Walking the Cat . . .

Because life's kinda like that . . .

Here’s To The Crazy Ones . . .

with 3 comments

“There was never a great genius without a touch of madness”

–Ben Jonson

According to the results of  a study published in the journal, Nature Neuroscience on Monday, Ben Jonson actually was correct.  According to the study, scientists in Iceland (of all places) report that “genetic factors that raise the risk of bipolar disorder and schizophrenia are found more often in people in creative professions.  Painters, musicians, writers and dancers were, on average, 25% more likely to carry the gene variant than professions . . .judged to be less creative, i.e. farmers, manual laborers and salespeople.” (Wonder why they didn’t include accountants?)

Kari Stefansson, founder and CEO of deCODE, a genetics company based in Reykjavik, said the findings point to a common biology of some mental disorders and creativity.  He told the GUARDIAN, “To be creative, you have to think differently. And when we are different, we have a tendency to be labelled strange, crazy and even insane.” Stefansson’s comment seems (to me at least) to contradict the validity of the study’s findings, saying creative people are viewed as mentally ill more as a result of operating outside of established societal or cultural norms than because of any biological (or genetic) abnormality. And I’m not the only one who’s skeptical of the study’s findings.

Albert Rothenberg, professor of psychiatry at HARVARD UNIVERSITY, is not convinced. “It’s the romantic notion of the 19th century, that the artist is the struggler, aberrant from society, and wrestling with inner demons,” he said. In 2014, Rothenberg published, “Flight of Wonder; an investigation of scientific creativity”. He interviewed 45 science Nobel laureates and found no evidence of mental illness in any of them. He suspects such studies pick up on a different phenomenon.

“The problem is that the criteria for being creative is never anything very creative,” Rothenberg said. “Belonging to an artistic society, or working in art or literature (two of the criteria used in the Iceland study, as well as the results of a questionnaire in which subjects self-identified as “creative”; and who doesn’t want to be considered “creative”, in this day and age?) does not prove a person is creative. But the fact is that many people with mental illness do try to work in jobs that have to do with art and literature, not because they are good at it, but because they’re attracted to it. And that can skew the data.”

It’s easy to see the results of this study are going to be debated, hashed and re-hashed for some time to come. The discussion’s been ongoing for millenia, with no sign of letting up. So, take heart all my fellow “creatives”, especially all you writers out there, staring at your computer screens, thinking, “I must be crazy to think I could do this.” You’re not, then again . . .

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3 Responses

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  1. The hen or the egg? I only hope that millions were not poured in this study. I do agree with Ben Johnson, though. The matter is, how you define madness in geniuses. Personality disorders? Yes. Mental illness? Probably not. Although we all know people who have succeeded “despite”, not because of mental illness.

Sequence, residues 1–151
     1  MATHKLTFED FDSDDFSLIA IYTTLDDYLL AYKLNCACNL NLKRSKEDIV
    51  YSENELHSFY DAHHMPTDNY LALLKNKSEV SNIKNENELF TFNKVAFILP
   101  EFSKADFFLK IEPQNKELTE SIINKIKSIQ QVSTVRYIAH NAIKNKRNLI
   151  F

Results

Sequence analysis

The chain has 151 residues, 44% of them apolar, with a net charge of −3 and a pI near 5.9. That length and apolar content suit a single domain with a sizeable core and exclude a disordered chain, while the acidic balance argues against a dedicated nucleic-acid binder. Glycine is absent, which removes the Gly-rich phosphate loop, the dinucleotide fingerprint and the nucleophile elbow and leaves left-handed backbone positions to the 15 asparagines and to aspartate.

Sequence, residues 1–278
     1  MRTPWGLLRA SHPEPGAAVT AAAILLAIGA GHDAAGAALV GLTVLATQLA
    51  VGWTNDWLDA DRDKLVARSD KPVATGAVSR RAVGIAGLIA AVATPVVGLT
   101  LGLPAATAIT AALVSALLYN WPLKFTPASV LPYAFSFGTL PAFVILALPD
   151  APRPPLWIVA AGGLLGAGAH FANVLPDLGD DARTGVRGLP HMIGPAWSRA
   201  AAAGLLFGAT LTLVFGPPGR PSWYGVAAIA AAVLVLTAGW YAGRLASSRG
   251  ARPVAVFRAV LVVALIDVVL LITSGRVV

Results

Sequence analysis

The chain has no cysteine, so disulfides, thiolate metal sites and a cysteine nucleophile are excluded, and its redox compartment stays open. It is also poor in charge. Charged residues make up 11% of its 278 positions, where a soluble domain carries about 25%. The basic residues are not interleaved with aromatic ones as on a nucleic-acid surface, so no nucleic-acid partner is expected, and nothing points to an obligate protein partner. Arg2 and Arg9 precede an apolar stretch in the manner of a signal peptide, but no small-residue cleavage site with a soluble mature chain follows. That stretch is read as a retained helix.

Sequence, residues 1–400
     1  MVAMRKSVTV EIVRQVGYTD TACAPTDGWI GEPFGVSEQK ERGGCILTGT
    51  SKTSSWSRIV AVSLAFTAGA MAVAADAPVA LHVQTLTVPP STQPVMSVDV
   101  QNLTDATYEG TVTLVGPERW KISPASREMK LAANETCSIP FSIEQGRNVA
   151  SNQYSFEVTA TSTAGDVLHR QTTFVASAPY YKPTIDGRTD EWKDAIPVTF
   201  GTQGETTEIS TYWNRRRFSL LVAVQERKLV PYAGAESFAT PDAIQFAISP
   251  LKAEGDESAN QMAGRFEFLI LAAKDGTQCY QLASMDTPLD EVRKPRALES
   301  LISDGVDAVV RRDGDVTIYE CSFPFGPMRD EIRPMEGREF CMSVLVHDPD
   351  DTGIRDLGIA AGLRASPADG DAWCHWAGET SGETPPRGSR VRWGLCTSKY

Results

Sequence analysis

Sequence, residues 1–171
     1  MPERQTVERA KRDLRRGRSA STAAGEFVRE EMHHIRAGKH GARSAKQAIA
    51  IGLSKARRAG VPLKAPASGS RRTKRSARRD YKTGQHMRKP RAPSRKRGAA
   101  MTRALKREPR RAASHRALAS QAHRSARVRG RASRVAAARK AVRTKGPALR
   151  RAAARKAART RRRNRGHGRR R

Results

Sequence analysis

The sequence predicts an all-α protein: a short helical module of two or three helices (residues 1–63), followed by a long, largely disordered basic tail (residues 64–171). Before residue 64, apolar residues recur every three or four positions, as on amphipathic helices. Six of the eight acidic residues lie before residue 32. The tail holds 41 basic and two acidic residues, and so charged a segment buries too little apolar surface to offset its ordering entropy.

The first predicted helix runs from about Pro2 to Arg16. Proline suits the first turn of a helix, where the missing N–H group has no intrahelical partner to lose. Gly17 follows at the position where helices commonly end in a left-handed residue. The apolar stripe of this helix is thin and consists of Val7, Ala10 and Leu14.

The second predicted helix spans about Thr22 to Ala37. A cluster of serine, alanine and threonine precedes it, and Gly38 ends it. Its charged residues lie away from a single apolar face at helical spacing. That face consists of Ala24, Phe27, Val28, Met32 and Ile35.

I believe that being very sensitive is the lot of creative minds and being very sensitive and creative opens up to major changes in ones perspective. And what is depression if not the expression of major changes.

    Thanks for making me think about this. Good thinking piece. Thanks!

    Mrs. Street

    June 10, 2015 at 8:53 pm

  2. As I’ve sat back and observed “creatives” and have delved deeper into my own creative self, I’ve found that concepts like “crazy” or “craziness” to not really apply in their mainstream vernacular. When that edginess is essential to function and it is an asset to an individual and enhances their functionality, then it’s a good thing. Heck, even being “insane” can be a good thing when it’s helpful to an individual. When that balance between order and chaos tips too far and doesn’t get restored—–one way OR the other (yes, too much order is just as detrimental and destructive as too much chaos)—-that’s when the nice man in the white coat with the special blue pills becomes a very good friend.

    scfaler

    June 11, 2015 at 8:26 am

    • I agree wholeheartedly, Sara. “Crazy”, defined as anything outside the “norms” society has set (or has tried to set) for us, is a necessary part of what it means to be ‘creative’. As for those “special blue pills” you refer to . . . there are way too many ‘mother’s little helpers’ being used today. Seems there’s a pill for nearly every problem. We’ve lost our ability to deal with those difficulties life throws at us; much easier to take a pill than to make any creative changes (instant gratification and all that, you know). I’ve got to get off this topic or I’ll be here forever! Good to hear from you. Glad you read the article, glad you commented. Glad you were born. Hugs and Kisses to the girls (they’re getting so BIG!) DadDate: Thu, 11 Jun 2015 12:26:29 +0000 To: sw_thomas@outlook.com

      stevewthomas

      June 11, 2015 at 10:57 am


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